A Calculated Political Shake-Up
By The Irrawaddy 7 April 2018
Kyaw Kha: Welcome to Dateline Irrawaddy! Last week, the top three leaders of the country State Counselor Daw Aung San Suu Kyi, newly elected President U Win Myint and Army Chief Senior-General Min Aung Hlaing delivered addresses. We will discuss those speeches. The Irrawaddy English editor Ko Kyaw Zwa Moe and Burmese editor Ko Ye Ni join me to for the discussion. I’m The Irrawaddy Burmese chief reporter Kyaw Kha.
DATELINE IRRAWADDYA Calculated Political Shake-UpThe Irrawaddy discusses speeches given last week by the state counselor, army chief and new president—in light of his recent appointment.
Posted by The Irrawaddy – English Edition on Friday, April 6, 2018
We now have a new president and this shift is quite interesting. Ko Kyaw Zwa Moe, what is your view on this change?
Kyaw Zwa Moe: We can assume that Daw Aung San Suu Kyi and her National League for Democracy (NLD) government made such a big change after careful consideration, two years into their term. Before this, there was a lot of frustration with the performance of the NLD government, especially its ministries. The change was made in response to that feedback.
The reason U Win Myint was appointed is strikingly different from that of U Htin Kyaw. As everyone said, U Htin Kyaw was chosen as president because Daw Aung San Suu Kyi was barred from the presidency. But, it is different for U Win Myint. She chose him in consideration of the time after her era. Daw Aung San Suu Kyi is over 70 years old now. She seems to have chosen someone who can handle her responsibilities when she can no longer work either because of her health or age. U Win Myint must be her favorite candidate. He has shown his caliber in Parliament over the past two years. And he was elected three times [to Parliament]. I think Daw Aung San Suu Kyi made the move considering the political role of the Tatmadaw and the political privileges given to it by the Constitution.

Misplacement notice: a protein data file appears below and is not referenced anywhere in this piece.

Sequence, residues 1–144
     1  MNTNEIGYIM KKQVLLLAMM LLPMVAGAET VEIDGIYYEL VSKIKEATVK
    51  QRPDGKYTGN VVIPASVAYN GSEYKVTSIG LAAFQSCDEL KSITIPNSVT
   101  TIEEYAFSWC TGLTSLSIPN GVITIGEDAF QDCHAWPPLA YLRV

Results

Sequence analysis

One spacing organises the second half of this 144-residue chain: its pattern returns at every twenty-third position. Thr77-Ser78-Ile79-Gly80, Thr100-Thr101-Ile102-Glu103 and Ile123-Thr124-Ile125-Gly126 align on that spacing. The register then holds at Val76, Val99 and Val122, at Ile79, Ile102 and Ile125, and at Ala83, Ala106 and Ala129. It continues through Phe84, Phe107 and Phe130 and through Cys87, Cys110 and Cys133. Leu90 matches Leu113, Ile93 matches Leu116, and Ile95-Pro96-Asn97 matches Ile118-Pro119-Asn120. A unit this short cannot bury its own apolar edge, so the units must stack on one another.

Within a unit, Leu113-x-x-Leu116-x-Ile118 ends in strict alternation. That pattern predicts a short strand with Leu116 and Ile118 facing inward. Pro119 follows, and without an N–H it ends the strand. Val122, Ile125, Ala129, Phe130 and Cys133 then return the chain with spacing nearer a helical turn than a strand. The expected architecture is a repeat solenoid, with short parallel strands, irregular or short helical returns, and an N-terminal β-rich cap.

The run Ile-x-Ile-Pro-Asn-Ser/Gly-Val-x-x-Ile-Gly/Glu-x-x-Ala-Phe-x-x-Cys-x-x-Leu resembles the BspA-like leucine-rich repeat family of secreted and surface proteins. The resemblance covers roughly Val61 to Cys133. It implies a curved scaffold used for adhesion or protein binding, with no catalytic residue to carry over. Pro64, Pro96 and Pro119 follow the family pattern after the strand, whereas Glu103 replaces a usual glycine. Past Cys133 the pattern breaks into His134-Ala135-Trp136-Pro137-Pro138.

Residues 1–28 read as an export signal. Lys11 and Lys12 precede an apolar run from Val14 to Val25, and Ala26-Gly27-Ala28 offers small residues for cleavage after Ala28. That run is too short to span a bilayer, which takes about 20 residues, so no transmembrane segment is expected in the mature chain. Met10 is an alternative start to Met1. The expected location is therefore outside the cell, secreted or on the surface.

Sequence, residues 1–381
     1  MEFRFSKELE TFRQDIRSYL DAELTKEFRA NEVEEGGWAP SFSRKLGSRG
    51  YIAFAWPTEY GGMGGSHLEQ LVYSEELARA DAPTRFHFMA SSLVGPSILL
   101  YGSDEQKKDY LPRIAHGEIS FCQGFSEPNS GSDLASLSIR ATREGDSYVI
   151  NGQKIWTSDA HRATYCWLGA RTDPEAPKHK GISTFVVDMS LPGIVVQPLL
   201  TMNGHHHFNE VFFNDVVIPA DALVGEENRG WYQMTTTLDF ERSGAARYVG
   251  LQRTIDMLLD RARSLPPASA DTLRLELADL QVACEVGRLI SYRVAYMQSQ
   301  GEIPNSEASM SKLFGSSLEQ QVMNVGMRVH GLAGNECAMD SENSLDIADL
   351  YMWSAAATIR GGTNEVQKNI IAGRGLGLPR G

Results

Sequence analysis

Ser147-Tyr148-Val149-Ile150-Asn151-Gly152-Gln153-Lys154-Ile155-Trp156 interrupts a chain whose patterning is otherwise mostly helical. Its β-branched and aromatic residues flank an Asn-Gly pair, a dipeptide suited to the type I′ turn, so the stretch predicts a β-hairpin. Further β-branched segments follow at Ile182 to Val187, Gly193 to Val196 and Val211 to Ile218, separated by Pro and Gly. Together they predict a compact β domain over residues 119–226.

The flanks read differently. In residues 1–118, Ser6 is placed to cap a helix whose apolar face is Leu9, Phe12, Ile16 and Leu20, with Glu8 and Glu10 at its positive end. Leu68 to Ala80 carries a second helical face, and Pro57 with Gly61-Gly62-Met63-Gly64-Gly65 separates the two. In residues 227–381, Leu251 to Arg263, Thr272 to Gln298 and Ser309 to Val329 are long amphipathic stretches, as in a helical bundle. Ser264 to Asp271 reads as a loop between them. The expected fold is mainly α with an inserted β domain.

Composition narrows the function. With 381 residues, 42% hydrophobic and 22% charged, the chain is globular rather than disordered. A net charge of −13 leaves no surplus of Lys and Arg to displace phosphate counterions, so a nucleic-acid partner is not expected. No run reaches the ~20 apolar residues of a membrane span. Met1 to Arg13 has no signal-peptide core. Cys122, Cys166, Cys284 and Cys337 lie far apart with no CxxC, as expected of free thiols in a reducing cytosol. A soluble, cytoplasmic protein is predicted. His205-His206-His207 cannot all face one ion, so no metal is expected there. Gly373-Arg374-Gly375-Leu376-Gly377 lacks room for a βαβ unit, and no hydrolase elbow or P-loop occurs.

We are now undergoing a democratic transition. In other words, a democratic transition can be defined as a gradual reduction in the role of the Tatmadaw in politics and the administration. Daw Aung San Suu Kyi, her government and the new president have made a political move based on this. We can’t lose track of it.
KK: State Counselor Daw Aung San Su Kyi delivered an address on Sunday and I found an interesting point in her speech. Daw Aung San Suu Kyi said that she is committed to solving the problems facing the country with collective strength. Ko Ye Ni, what does that mean to you?
Ye Ni: There are two big challenges facing the country as well as the NLD government—peace building and the Rakhine issue. She said she would overcome those problems with collective strength. By ‘collective strength,’ she may refer to the public support for her party, which won the election held according to the 2008 Constitution and formed the government. But I think that when she says collective strength, there are key players like the Tatmadaw, ethnic armed organizations and ethnic people. And there are other key players—such as international partners that are helping Myanmar with the Rakhine issue and the peace process. I think she means that all of them should work together toward a common goal.
KK: I also found some interesting points in the speech of the army chief in his address on the 73rd anniversary of Armed Forces Day. Ko Kyaw Zwa, did anything from his speech stick out to you?
KZM: Overall, he focused on national politics like in his previous speeches. I assess that the Tatmadaw has shown either in the past or at present that it wants to solve problems and build peace together with the current government. But at the same time, Daw Aung San Suu Kyi, Myanmar people and political analysts understand that the Tatmadaw definitely is not yet ready to leave the political circle. It is partly because the Tatmadaw has declared itself a patriotic armed force because it was founded by Gen Aung San.